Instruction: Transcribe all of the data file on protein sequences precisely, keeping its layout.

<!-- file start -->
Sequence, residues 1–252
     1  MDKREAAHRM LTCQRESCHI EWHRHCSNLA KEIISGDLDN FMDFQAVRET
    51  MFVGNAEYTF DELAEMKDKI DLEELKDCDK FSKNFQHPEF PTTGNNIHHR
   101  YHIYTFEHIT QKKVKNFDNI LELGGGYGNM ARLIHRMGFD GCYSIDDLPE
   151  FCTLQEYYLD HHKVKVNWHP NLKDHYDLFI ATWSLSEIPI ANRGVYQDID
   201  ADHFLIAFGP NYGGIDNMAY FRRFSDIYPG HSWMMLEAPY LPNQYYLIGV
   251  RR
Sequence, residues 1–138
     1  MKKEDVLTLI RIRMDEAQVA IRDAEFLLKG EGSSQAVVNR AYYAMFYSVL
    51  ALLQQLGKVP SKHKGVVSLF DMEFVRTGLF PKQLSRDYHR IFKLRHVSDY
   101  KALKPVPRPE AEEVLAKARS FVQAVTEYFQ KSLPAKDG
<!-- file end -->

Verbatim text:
Sequence, residues 1–252
     1  MDKREAAHRM LTCQRESCHI EWHRHCSNLA KEIISGDLDN FMDFQAVRET
    51  MFVGNAEYTF DELAEMKDKI DLEELKDCDK FSKNFQHPEF PTTGNNIHHR
   101  YHIYTFEHIT QKKVKNFDNI LELGGGYGNM ARLIHRMGFD GCYSIDDLPE
   151  FCTLQEYYLD HHKVKVNWHP NLKDHYDLFI ATWSLSEIPI ANRGVYQDID
   201  ADHFLIAFGP NYGGIDNMAY FRRFSDIYPG HSWMMLEAPY LPNQYYLIGV
   251  RR
Sequence, residues 1–138
     1  MKKEDVLTLI RIRMDEAQVA IRDAEFLLKG EGSSQAVVNR AYYAMFYSVL
    51  ALLQQLGKVP SKHKGVVSLF DMEFVRTGLF PKQLSRDYHR IFKLRHVSDY
   101  KALKPVPRPE AEEVLAKARS FVQAVTEYFQ KSLPAKDG